V. I.   Lenin



Written: Written December 26, 1913
Published: First published in 1929 in the journal Proletarskaya Revolyutsiya No. 11. Sent from Krakow to Vologda. Printed from the original.
Source: Lenin Collected Works, Progress Publishers, 1977, Moscow, Volume 37, pages 507-508.
Translated: The Late George H. Hanna
Transcription\Markup: D. Moros
Public Domain: Lenin Internet Archive.   You may freely copy, distribute, display and perform this work, as well as make derivative and commercial works. Please credit “Marxists Internet Archive” as your source.README

December 26

Dear Maria Alexandrovna,

It is an age since I last wrote to you. In general I have been conducting a sort of sit-down strike against letter- writing lately. Volodya is partly to blame. He has enticed me into the “excursionist” party. It is our local joke that we have a “cinemist” party (of cinema-lovers), an “anti- cinemist”, or “anti-semitic”, party, and an “excursionist” party, which is always finding excuses for excursions. Volodya is a confirmed anti-cinemist and an enthusiastic excursionist. He has recruited me into his party and so I have no time left for anything. To make things worse, we are having some wonderfully fine days. With just a light fall of snow— really excellent. And autumn, too, was fine. After all, what is there to do in Krakow but go walking. We have no sophisticated amusements of any kind. We did once go to a concert, a Beethoven quartet, we even clubbed together to buy a season ticket, but for some reason the music made us terribly miserable, although an acquaintance of ours,[1] an excellent musician, was in ecstasies over it. We do not want to go to the Polish theatre, the cinema here is quite absurd—all five-act melodramas.... Volodya and I have decided that after the holidays we will begin a study of the local University library, for, to our shame, we have never been there. If there is anything we thirst for here it is good literature. Volodya has practically learned Nadson and Nekrasov by heart and an odd volume of Anna Karenina   is being read for the hundredth time. We left our literature (a tiny fraction of what we had in St. Petersburg) in Paris and here there isn’t a Russian book to be had anywhere. At times we read with envy the advertisements of secondhand booksellers offering 28 volumes of Uspensky or 10 volumes of Pushkin, etc., etc.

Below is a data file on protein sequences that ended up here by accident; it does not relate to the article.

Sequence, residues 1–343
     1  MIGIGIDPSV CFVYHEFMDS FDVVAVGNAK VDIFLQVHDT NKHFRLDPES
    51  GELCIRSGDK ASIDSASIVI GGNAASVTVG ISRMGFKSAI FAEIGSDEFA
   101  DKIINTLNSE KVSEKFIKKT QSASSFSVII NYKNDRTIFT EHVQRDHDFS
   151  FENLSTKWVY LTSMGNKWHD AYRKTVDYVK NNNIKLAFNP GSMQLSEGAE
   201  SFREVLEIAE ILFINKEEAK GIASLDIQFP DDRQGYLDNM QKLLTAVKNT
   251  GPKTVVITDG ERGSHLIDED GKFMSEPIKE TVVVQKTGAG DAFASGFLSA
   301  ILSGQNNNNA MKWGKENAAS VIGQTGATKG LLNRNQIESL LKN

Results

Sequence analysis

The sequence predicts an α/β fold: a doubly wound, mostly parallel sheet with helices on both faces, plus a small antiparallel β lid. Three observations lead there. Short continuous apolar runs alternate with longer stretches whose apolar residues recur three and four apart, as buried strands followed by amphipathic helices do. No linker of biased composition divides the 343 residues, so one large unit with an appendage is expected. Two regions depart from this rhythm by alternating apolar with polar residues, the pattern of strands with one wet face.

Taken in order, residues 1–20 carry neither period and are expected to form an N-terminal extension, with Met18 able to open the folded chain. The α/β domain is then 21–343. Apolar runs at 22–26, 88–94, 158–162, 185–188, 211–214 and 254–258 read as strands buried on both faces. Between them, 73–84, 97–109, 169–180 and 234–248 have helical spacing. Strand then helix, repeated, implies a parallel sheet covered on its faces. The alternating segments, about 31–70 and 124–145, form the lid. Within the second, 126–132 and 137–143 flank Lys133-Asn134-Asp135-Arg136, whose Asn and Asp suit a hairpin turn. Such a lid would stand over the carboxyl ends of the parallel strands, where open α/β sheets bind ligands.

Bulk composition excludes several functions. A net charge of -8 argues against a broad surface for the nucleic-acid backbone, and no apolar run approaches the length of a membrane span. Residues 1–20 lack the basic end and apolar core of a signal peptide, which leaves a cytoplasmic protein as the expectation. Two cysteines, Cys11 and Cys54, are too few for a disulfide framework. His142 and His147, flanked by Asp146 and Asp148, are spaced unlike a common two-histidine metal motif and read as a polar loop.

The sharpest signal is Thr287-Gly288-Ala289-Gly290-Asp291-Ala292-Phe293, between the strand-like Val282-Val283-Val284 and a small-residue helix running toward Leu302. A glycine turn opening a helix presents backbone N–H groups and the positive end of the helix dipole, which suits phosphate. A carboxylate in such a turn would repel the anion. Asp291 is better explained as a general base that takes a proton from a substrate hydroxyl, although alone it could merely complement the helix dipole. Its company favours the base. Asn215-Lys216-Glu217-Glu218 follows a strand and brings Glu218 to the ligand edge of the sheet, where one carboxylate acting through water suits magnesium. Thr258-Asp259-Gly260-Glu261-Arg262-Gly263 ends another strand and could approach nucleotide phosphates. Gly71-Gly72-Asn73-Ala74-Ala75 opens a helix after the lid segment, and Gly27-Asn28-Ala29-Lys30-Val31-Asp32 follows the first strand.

Volodya, as luck would have it, has become a great fiction-lover. And an out-and-out nationalist. You cannot get him to look at the pictures by Polish artists at any price but he has picked up, for instance, a catalogue of the Tretyakov Gallery that some acquaintance had thrown away and is always burying himself in it.

We are all well. Volodya takes a cold shower every day, goes for walks and does not suffer from insomnia. He continues praising the local swamp. Mother is often unwell, first a gumboil, then a cough.... She sends her best regards. I had a letter from Manyasha, but it was in her usual scrawl so I understood nothing of it. She should write more often. I embrace her and you most fondly, wish you good health and everything of the best. Again I kiss you.


Many kisses, my dear, I wish you good health and spirits. Very best regards to Manyasha (I wrote to her a few days ago) and to Anyuta, who is probably with you.

V. U.


[1] Inessa Armand.—Ed.

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